Tomorrow, I’ll finish this week with a post from Reminiscences of Alfred Duyee Guion. I’ll continue the story in three weeks.

On Saturday, another excerpt from a letter written by John Jackson Lewis about his Voyage to California.

On Sunday, the next segment of My Ancestor, Alfred Peabody Guion, my Dad.

Judy Guion

Advertisements

My Ancestors (33a) – Alfred Peabody Guion – 1914 – 2003

Last June I  read about a Challenge, 52 Ancestors in 52 Weeks, and I was intrigued. I decided to take up the challenge. Some Ancestors may take more than one week, but I still intend to write about 52 Ancestors. I hope you enjoy reading about My Ancestors as much as I am looking forward to researching and writing about them.

(1) Alfred Peabody Guion; (2) Judith Anne Guion

Alfred Duryee Guion and Alfred Peabody Guion – July 26, 1914

I must admit that this post has been the hardest to write so far.  I have so much material in trying to decide how to present it and keep it interesting has been difficult.  It will probably end up being a combination of chronological events, childhood memories, quotes from letters during World War II and some of my memories about my Dad.  I will probably be taking 3 or 4 Sundays to finish the story of my Father.

Quotes from my Dad’s childhood memories –

I was born in New York City in 1914, then I lived in Yonkers (Grandpa states they lived in the Bronx) for a short time.  When I was about one, we moved to 91 Dell Ave. in Mount Vernon, NY.  By the time I was 3, I was quite interested in mechanical things.  I remember taking an alarm clock, taking it all apart and putting it back together, but I had one gear left over when I finished.  It didn’t keep very good time.  It was fast.  I never could find out where that gear went.

Alfred Peabody Guion – July 26, 1914

Residences:

April, 1914 to ?,  1915 –  Bronx, N.Y.

1915 to 1919 – Dell Avenue, Mount Vernon, N.Y.

1919 to September, 1921 – Larchmont Gardens, Mount Vernon, N.Y.

Alfred Peabody Guion and Daniel Beck Guion – circa 1920

Quotes from my Dad’s childhood memories –

When I was 5, Dad and Mom were building a house in Larchmont.  They had a contractor build it and it was on Lansdowne Drive in Larchmont Gardens.  I accompanied them, well, maybe three or four times, when they went out to look at it.  Mom told the carpenters what she wanted changed.  She was quite conscious about what she wanted.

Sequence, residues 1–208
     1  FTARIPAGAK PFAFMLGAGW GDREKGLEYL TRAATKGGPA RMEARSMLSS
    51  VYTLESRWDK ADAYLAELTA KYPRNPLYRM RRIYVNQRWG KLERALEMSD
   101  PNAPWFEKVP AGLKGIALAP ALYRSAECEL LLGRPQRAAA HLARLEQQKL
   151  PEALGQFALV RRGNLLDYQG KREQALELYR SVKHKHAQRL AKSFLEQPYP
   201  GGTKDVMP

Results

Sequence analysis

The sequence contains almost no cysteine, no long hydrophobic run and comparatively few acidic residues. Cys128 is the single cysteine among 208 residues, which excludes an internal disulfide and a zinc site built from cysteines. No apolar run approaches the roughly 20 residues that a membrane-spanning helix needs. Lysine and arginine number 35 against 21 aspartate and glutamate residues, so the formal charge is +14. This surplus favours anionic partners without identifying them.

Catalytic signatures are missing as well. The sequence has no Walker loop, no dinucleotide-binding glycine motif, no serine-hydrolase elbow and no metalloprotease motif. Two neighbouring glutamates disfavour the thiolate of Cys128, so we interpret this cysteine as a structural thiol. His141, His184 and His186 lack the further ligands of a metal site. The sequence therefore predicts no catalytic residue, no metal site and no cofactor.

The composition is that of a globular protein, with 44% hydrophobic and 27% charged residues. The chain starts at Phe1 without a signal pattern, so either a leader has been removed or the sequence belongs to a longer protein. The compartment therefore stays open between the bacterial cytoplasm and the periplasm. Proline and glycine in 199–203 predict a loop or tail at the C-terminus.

I think we had a garden in the backyard with green beans growing.  Dan and I each took 2 or 3 green beans and we walked around and around his (their neighbor, Roger Batchelder) house, with the beans rubbing on the house, wearing them down until they cut short.  Then we’d throw them away and get some more beans.  So Roger was kind of upset about that.

When I started school in Larchmont, either kindergarten or 1st grade, (It was kindergarten) I went to school in a horse-drawn sleigh in the winter.  I just remember being awfully cold.  In the warmer months, Mother drove me to school.  Dan may have started school there; he was only a year and a half behind me.

.  While we were in Larchmont, we went on vacation to Sandy Hook, Connecticut, Camp-A-While, it was called.  In fact, that’s where we were going the day the old Franklin gave out.  One of the bearings, one of the connecting rod bearings let go and Dad found a Franklin garage in Danbury.  The owner of the garage was working on the car, fixing it, and his wife was talking to Mother.  I don’t know how it happened – Mother may have been asking her questions about the area.  Apparently, Mother liked that area of Connecticut.  The wife told Mother about a house they owned in Trumbull.  We went to look at it and before long, we bought the house.